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Norfolk birding (6 Viewers)

O.Reville1989

I started off with nothing and I've still got some
See: http://groups.yahoo.com/group/WestPalBirds/message/5642

The flight call is similar to ‘our’ Crossbill and they also have a call like the ‘trumpeting’ Bullfinches.

The UK has had two, so far. It’s just 300 miles from Denmark, across the North Sea (Nordsoe); surely, some more of these ‘thousands’ will make the crossing- I hope.

You would think we would get more but these things have a funny way of not happening! Can see Norfolk being a bit far south and most of the sightings being from the Scottish borders Northwards, can't wait to be proved wrong though!
 

Cleme

Well-known member
Hello to everyone I am a new member and I hope to be an active member in the months and years to come. I have a general interest in wildlife and conservation and a specific interest in photography (novice digiscoper) and birds of prey. I am spending a week in north Norfolk at the begining of September and wonder if anyone can suggest any areas where I stand a reasonable chance of daytime views of Barn Owl. I understand that many ringers are reporting second broods this year so I am hoping that daytime hunting, weather permitting, will still be necessary in order for the adults to satisfy the appetite of the growing chicks. Sadly, I will not be able to devote the whole week to my quest as I have a wife and two dogs that will require my attention from time to time but any suggestions that might incorporate a dog walk (well trained and very well behaved dogs) would be ideal and very much appreciated.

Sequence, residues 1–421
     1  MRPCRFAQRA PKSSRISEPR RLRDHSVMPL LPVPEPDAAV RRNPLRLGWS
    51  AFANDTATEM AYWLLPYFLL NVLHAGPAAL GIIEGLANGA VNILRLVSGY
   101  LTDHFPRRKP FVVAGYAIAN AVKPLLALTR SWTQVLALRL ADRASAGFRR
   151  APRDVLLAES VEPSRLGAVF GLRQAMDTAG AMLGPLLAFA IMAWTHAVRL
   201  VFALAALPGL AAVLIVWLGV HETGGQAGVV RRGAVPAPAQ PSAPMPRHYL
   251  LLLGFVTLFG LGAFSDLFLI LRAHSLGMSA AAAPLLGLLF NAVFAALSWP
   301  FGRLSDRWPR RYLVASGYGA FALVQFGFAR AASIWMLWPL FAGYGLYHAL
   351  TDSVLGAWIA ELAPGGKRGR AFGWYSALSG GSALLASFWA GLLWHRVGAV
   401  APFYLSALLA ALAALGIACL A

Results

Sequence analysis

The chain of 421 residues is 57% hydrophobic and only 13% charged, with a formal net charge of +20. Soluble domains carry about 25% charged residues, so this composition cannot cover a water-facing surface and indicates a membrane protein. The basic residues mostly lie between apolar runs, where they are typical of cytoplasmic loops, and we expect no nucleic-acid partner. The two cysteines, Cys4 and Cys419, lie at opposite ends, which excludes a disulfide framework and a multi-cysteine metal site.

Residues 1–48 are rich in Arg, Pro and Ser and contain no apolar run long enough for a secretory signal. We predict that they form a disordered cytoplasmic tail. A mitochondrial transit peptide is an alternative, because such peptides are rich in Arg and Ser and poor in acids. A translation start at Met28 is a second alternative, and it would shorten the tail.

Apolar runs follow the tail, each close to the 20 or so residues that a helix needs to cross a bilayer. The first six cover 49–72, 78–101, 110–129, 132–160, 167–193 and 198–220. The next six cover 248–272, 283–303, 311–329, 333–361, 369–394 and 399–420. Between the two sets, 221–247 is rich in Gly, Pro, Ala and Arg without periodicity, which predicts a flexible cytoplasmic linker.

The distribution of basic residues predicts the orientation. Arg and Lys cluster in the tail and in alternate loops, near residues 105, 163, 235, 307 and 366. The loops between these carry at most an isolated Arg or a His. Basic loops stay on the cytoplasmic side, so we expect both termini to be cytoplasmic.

Blakeney is a good bet - we saw two at one time last week after the strong winds had dropped and one the day after... about 7pm though, I doubt they'll be out much earlier than that. The second time it nearly flew right over us, only diverting from its hunting course when it realised we were in its way. Sadly we hadn't taken a camera.

If you're going that way drop me an email and I'll tell you where there's a good chance of bearded tit fledglings in the evenings too.
 

Robert S J Smith

Well-known member
After two hours of checking Dunlin after Dunlin finally at 9:15 I saw the White-rumped Sandpiper, once onto the bird it showed very well! from 10am onwards it was joined by a Curlew Sandpiper and amongst the Dunlin a Little Stint was present too! I saw 3 more Wheatears today along the shingle beach and a Red Kite drifted over. What was really nice and interesting was I even got to hear the White-rumped Sands shrew/vole/mouse like call...
 
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Paul Eele

Well-known member